So, in addition to his famous motto “All the News That’s Fit to Print,” he also spelled out his credo in a statement to his readers. He promised that the Times would not “soil the breakfast cloth” — meaning that families could bring his paper to the breakfast table (which would have a table cloth, because Times readers could afford them) and not have to worry that it would besmirch the conversation or corrupt the children. In fact, Ochs declared his intention that the Times would deliver the news “in language that is parliamentary in good society.”

Thus, it would appear that proper language is part of the paper’s DNA, and the Times has certainly been culturally conservative in the sense that it has been reluctant to depart from the late-Victorian standards of propriety and vulgarity laid down by the current publisher’s great-grandfather.

Of course, it is a fair question to ask how many families gather around the breakfast table sharing the print edition of the Times and how many families are succeeding in preventing their children from learning the f-word.

Pretty fucking few, I’d bet.

 

 

 

 

 

1 Comment

Filed under Journalism, journalism history, New York Times, publishing, Uncategorized

Reporting on autism: wrong or dumb?

By Christopher B. Daly

What does it mean that the two sides of this graphic are so out of whack?

Screen Shot 2014-03-30 at 3.01.00 PM

What it shows (according to Princeton prof. Sam Wang, in an article in today’s NYTimes Sunday Review) is that journalists way over-report the wrong things about autism. Whereas most articles are about vaccines, the science suggests that most autism is a product of genes and/or prenatal and very early stresses on mother and child. Hmmm…..

I had never even heard about “injury to the cerebellum at birth,” which turns out to be a major added-risk factor. How are we supposed to understand issues like this and — god forbid! — formulate public policy when journalists present such a distorted view of the science?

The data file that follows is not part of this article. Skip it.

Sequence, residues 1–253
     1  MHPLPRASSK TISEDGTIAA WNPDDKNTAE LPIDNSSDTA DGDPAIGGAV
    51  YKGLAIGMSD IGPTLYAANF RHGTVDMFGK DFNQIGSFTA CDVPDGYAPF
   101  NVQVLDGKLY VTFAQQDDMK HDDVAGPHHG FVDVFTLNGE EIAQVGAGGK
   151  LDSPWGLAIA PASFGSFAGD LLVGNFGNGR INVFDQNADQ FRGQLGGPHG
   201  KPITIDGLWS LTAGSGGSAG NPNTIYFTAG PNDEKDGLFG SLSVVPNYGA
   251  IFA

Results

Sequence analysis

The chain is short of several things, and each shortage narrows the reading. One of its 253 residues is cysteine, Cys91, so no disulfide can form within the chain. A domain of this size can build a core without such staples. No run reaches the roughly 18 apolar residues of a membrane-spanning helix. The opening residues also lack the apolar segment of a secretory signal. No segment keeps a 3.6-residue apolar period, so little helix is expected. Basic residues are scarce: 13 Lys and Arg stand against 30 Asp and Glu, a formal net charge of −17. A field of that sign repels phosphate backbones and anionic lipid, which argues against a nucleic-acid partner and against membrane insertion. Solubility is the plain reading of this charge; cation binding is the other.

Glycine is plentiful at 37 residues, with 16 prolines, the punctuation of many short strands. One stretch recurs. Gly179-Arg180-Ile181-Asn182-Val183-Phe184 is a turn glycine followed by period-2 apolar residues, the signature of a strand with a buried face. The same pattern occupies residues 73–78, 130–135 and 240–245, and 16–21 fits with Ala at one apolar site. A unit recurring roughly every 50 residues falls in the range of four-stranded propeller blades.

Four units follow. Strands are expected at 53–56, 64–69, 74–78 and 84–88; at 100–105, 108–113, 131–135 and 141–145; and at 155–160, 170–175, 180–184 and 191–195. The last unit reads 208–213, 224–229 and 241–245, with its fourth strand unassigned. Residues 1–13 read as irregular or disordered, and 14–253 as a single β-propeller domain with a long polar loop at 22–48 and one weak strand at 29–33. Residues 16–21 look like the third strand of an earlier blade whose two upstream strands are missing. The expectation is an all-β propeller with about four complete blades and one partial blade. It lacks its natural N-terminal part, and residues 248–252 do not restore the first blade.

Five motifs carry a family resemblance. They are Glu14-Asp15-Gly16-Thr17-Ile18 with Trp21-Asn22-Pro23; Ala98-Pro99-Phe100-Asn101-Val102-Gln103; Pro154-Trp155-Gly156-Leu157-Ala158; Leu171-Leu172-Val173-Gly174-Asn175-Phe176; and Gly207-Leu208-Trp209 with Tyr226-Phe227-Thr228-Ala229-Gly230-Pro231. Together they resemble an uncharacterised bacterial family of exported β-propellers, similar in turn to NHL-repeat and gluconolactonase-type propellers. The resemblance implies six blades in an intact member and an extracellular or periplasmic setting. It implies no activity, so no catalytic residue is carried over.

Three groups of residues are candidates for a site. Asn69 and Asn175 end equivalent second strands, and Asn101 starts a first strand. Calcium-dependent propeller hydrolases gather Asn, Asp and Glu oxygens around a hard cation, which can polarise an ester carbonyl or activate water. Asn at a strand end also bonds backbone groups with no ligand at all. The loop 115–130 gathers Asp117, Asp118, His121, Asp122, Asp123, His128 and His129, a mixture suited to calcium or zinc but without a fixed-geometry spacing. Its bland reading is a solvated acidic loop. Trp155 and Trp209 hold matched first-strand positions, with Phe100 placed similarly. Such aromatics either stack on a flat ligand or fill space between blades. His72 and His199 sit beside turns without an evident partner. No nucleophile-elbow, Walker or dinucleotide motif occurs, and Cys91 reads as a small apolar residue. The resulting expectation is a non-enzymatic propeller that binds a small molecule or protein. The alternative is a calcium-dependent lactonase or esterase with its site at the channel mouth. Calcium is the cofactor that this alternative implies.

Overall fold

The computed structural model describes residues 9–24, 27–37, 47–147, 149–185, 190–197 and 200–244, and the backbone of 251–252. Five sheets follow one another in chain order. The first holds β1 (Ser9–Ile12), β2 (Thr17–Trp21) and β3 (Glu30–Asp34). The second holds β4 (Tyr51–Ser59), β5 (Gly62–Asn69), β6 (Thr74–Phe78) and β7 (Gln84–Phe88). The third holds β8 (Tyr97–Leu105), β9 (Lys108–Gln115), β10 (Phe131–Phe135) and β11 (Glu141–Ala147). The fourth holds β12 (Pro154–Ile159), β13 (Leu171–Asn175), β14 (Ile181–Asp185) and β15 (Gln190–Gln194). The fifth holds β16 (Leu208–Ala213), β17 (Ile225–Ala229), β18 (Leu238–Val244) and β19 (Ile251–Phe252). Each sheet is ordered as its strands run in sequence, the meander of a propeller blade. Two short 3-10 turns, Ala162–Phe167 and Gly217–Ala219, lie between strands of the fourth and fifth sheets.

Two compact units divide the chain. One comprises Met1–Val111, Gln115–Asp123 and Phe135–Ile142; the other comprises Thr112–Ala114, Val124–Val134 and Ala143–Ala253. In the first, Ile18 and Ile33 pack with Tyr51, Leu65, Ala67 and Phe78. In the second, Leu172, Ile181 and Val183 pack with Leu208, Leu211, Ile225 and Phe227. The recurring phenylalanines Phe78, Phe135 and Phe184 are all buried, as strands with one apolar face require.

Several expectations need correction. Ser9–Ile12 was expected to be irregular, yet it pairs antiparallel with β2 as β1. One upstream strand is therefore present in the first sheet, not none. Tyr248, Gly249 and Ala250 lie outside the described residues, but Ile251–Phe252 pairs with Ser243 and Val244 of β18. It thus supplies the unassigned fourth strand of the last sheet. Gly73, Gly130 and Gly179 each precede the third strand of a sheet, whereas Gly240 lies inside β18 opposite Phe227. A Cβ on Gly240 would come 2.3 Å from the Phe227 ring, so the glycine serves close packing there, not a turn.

Sheesh.

 

1 Comment

Filed under broadcasting, Journalism, Uncategorized

What if traffic metrics had been used throughout journalism’s history?

By Christopher B. Daly 

That’s a question that came to mind today while reading David Carr’s latest. In his column, Carr identifies a trend (at least, a trend by journalism standards) of news organizations paying their contributors based on how much traffic their individual “stories” garner. If an item is really popular and brings a lot of eyeballs to the site, the “writer” of the piece earns more money. Conversely, if you write pieces that hardly anyone look at, you get paid less — or nothing.

It all sounds simple and fair and transparent and populist. (This approach puts the “piece” in piecework with a vengeance.)

Only it’s not. The problem with this approach is that it doesn’t take into account that journalism has other values besides popularity. Yes, we want readers/viewers, and we want as many as we can get. But we also want to serve our society by occasionally embarking on stories that are so expensive to investigate that they will never pay back any return on the investment of resources put into them. Or, we sometimes work on stories that matter intensely to a small group of people. And, from time to time, we run stories that turn just about everyone off but still make the world a slightly better place.

Let’s consider how a “metrics model” would have served journalism (and the world) over the last couple of centuries.

–The first story about sexual abuse by Catholic priests was hardly a candidate for “most-read” and yet it began a tidal wave of reporting that ultimately rocked the Vatican.

–The first Watergate story (the one with Al Lewis’ byline, on June 18, 1972) had only a tiny fraction of wapo-front_18june1972the readership that the “last” Watergate story 26 months later (the one with the headline “Nixon Resigns” on Aug. 9, 1974)

–Then there was Sy Hersh’s original story about Lt. William Calley and the massacre at My Lai.

One takeaway from those historical cases: some stories need time to build.

–Or what about the columnist Westbrook Pegler? Incredibly popular, but a crackpot who was wrong about everything. His metrics would have crushed the likes of Walter Lippmann (in terms of actual readers, not just people who said they read Lippmann.)